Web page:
Boychuk possesses on of the league's hardest shots.

Boychuk possesses on of the league's hardest shots.

When he was traded to the Boston Bruins by the Colorado Avalanche last summer, defenseman Johnny Boychuk had no idea which direction his career would head.

All he knew was that he’d been miscast with the Avs’ organization (mostly with their AHL affiliate at Lake Erie) as a part-time forward, and that if the Bruins were willing to let him play defense full-time he could prove to be a productive player. Well, that’s exactly what has happened for the 25-year-old Boychuk, who has spent almost the entire season with Boston’s farm club (other than one game with Boston) at Providence. And the results speak for themselves.

Entering the P-Bruins’ final three games of the season, Boychuk — a right-handed shot — leads his team and all AHL defenseman with 64 points and his 20 goals are second among Providence skaters and tops among the league’s blueliners. Last week, Boychuk’s efforts were rewarded when it was announced he won the 2008-09 Eddie Shore Award as the top defenseman in the AHL.

“It’s great. Who can say that they’ve been named the best defenseman of the whole league, let alone the team? It’s a great honor to be named the best defenseman or even be in that category,” Boychuk recently told “There’s no chance I’d be there if I didn’t have a team like I have here. Playing with obviously some great players here … even the third- and fourth-line guys can produce when they get called on.”

Boychuk, the first P-Bruins defenseman to win the Eddie Shore Award since Jeff Serowik in 1995, totaled just 26 points (eight goals) in 60 games with Lake Erie last season. But part of that was due to his playing out of position — a role he even filled during a brief stint with the Avs. Coming to the Boston organization, he knew he could at least double those numbers. But he had no idea he could excel as much as he has.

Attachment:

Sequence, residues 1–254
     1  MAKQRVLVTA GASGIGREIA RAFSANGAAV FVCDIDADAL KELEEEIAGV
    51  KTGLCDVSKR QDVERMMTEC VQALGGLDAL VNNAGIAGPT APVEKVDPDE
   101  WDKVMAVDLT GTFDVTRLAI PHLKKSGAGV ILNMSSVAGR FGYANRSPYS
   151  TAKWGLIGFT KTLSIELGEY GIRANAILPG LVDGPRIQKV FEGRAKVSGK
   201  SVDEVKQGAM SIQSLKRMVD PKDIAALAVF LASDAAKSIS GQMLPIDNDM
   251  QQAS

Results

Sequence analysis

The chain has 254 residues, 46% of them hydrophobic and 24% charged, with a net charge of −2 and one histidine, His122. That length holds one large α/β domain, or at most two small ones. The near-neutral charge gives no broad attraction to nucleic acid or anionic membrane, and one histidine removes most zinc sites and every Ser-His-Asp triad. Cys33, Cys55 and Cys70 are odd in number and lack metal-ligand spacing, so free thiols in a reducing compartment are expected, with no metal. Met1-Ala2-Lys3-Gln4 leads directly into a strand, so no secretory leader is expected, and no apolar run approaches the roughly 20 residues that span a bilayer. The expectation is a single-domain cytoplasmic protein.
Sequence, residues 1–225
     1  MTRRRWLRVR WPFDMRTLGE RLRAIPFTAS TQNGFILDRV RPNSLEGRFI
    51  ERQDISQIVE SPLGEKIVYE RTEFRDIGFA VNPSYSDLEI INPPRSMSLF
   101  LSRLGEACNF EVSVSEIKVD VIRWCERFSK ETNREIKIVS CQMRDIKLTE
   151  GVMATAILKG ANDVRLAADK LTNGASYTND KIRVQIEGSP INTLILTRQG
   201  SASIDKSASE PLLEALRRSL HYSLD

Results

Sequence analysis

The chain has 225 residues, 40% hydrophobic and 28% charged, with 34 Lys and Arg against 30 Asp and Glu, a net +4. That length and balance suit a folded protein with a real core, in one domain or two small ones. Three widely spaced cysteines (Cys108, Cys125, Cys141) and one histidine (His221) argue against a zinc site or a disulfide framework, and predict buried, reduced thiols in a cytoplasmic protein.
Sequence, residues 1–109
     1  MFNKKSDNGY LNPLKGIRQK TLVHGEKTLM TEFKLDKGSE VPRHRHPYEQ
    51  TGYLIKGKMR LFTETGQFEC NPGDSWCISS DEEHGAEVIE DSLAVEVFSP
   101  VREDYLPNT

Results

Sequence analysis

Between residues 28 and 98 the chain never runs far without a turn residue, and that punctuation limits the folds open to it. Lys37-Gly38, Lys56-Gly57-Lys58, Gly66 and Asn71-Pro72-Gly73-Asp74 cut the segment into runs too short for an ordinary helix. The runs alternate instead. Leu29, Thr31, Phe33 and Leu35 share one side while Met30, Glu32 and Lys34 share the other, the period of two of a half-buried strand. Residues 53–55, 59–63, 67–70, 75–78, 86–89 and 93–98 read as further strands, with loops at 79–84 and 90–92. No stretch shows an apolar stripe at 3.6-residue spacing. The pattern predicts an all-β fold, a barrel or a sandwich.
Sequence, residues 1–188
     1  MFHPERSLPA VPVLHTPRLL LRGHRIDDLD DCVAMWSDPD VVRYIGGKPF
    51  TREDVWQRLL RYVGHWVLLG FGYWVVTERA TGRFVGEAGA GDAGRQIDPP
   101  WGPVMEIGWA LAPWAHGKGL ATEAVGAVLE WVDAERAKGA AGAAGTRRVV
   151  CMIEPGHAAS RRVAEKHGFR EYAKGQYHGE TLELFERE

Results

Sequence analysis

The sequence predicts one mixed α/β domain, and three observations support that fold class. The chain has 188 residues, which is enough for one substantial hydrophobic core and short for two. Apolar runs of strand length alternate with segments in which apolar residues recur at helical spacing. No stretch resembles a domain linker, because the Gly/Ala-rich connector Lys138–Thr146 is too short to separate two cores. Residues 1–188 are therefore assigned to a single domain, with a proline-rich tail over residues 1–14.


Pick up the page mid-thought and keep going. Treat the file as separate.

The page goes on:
“I was expecting to come in and maybe get 45 points. I knew I was going to have a great season. But with the start that I did have, I was like, ‘maybe I could reach higher goals, set my goals higher than I did before the season.’ I’ve achieved those goals and my goal now is to get this team hopefully back into first place if it’s not too late,” said Boychuk.

“They put a lot of confidence in me, the Bruins organization,” he continued. “Even being on the power play full-time, it helps out a lot. It gives you confidence. Even though it’s not going great right now, it still gives you confidence. We have that one play where we push-pass and I just put it on net as hard as I can. Guys go to the net …”

The P-Bruins trail Hartford by two points for first place in the Atlantic Division with three games to play. Even if the P-Bruins don’t catch the Wolf Pack, they’re guaranteed no worse than a second seed and the home-ice advantage for the first round of the playoffs that comes with that finish in the standings. An unrestricted free agent after this season, Boychuk knows he has had perfect timing for his breakout season individually. But lofty team achievements would be a perfect capper to his resumé.

“For anybody, your goal from the beginning of the season – if you’re either in the NHL or the AHL — you want to win. Who wants to lose every game? It’s not fun at all. … We have a good enough team here to go all the way and hopefully we do,” Boychuk concluded.